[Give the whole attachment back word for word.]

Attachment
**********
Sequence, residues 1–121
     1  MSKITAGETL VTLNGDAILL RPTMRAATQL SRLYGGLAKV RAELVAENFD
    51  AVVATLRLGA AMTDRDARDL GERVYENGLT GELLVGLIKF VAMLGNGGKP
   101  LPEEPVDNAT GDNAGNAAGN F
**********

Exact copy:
Sequence, residues 1–121
     1  MSKITAGETL VTLNGDAILL RPTMRAATQL SRLYGGLAKV RAELVAENFD
    51  AVVATLRLGA AMTDRDARDL GERVYENGLT GELLVGLIKF VAMLGNGGKP
   101  LPEEPVDNAT GDNAGNAAGN F